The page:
FQA: Let's put aside the question whether the support for both options - one and two Base sub-objects - is a good thing, and concentrate on the way C++ gives you to choose between these options. Doing it "at the top of the diamond" is annoying, because you have to think about the entire hierarchy when you define the classes close to its top. That is, either all derived classes will have several Base sub-objects or all of them will have one (forcing the users and the implementers of derived classes to deal with the problems of virtual inheritance).

In general, it is a special case of the generic C++ principles of specifying everything in terms of types and their attributes, as well as having the user deal with the low-level details related to underlying language feature implementation.

[25.10] What does it mean to "delegate to a sister class" via virtual inheritance?

FAQ: If you have a diamond-like hierarchy with virtual inheritance, and Base has two virtual functions f and g, then Derived1 can implement f, Derived2 can implement g and Derived1::f can call Derived2::g by simply saying g(); or (more verbosely and equivalently) Base::g(); - that is, without knowing anything about the existence of Derived2.

This is a "powerful technique".

FQA: "Powerful". What exactly can you do this way that can't be done equally well or better in ways more clear to the average developer?

What's that? You say that you only care about the enlightened wizards (variant: the set of wizards consists of a single person - yourself), not the mediocre droids from the rank-and-file? Well, I'll leave the interesting discussion of your personality aside. I'll leave it aside in order to point out that some of the people whose programming abilities I admire can't be bothered to learn the quirks of C++ anywhere near my level. My level, in turn, isn't itself anywhere near "complete" knowledge of this wonderful language.

[25.11] What special considerations do I need to know about when I use virtual inheritance?

FAQ: Usually virtual inheritance is a good idea only if the virtual base class and classes derived from it have little or no data.

BTW, even if they have no data at all, using virtual inheritance can still be better than non-virtual inheritance. For example, if you have two Base sub-objects (with no members), you can end up with two pointers to the different sub-objects, and comparing them would tell you that these are two different objects, which they aren't, at some level. Quote: "Just be careful - very careful".

FQA: Yeah. Be vewy, vewy caweful...

The FAQ's advice is a special case of its other advice about inheritance - data in base classes interacts badly with MI. And as the FAQ correctly points out, not having data in base classes doesn't solve all of the problems.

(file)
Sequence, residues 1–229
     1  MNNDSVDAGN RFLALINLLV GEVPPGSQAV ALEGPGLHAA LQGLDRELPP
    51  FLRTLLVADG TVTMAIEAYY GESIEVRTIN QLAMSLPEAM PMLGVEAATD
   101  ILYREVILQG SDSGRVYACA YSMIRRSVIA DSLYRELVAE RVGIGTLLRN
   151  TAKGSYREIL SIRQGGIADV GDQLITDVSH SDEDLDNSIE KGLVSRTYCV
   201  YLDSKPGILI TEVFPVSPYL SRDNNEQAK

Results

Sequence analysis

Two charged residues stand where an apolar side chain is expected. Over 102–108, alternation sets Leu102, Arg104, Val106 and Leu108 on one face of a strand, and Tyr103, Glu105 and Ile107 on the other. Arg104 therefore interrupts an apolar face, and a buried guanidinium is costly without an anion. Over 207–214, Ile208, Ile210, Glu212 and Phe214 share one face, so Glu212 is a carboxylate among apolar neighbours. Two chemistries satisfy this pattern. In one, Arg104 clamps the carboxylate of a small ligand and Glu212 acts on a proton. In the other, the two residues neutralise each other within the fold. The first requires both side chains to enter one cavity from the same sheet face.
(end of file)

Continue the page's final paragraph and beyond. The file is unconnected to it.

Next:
[25.12] What special considerations do I need to know about when I inherit from a class that uses virtual inheritance?

FAQ: Derived classes call the constructors of their virtual base classes directly. In particular, when a virtual base class has no default constructor, you have to call its constructor explicitly in the initialization lists of the constructors of the derived class.

If the base class follows the FAQ's advice about not having data in virtual base classes, then the base class probably has a trivial default constructor and you don't have to care about the issue when you define derived classes.

FQA: If the base class follows the FQA's advice to avoid non-trivial constructors and use initialization functions when needed, you don't have to worry about initialization of derived classes with virtual base classes, either.

[25.13] What special considerations do I need to know about when I use a class that uses virtual inheritance?

FAQ: Don't use downcasts using the C-like syntax (Derived*)pBase. Use dynamic_cast<Derived*>(pBase).

The answer is unfinished according to a "TODO" remark in it.

FQA: The problem seems to be that with virtual inheritance, the offset that must be added to pBase to make it pDerived depends on the classes derived from Derived (like the Join class from the "dreaded diamond" example). So the compiler can't generate code adding a constant offset, which is what C-style casts do when it comes to class hierarchies (upcasting and downcasting).

Why does the code silently compile to a wrong program, despite the fact that C++ already forced us to inform the compiler that we have virtual inheritance at the definitions of the classes involved in the cast operation (not the definition of the Join class which isn't necessarily visible at the context where the cast operation is compiled)? Why doesn't the compiler produce an error message or generates correct code as if we used dynamic_cast?

The answer is simple: in C++, the compiler compiles random meaningless things because it can't be bothered not to.

[25.14] One more time: what is the exact order of constructors in a multiple and/or virtual inheritance situation?

FAQ: So and so.

FQA: I don't want to summarize it, because why would anyone want to know that? Well, except maybe to suppress stupid compiler warnings about the orders of things in initialization lists not matching the actual order of construction.

Well, why would you use initialization lists?

[25.15] What is the exact order of destructors in a multiple and/or virtual inheritance situation?

FAQ: The reverse order of construction.

FQA: Right. But you probably shouldn't write code that depends on these things. Your colleagues may get annoyed.

Copyright © 2007-2009 Yossi Kreinin
revised 17 October 2009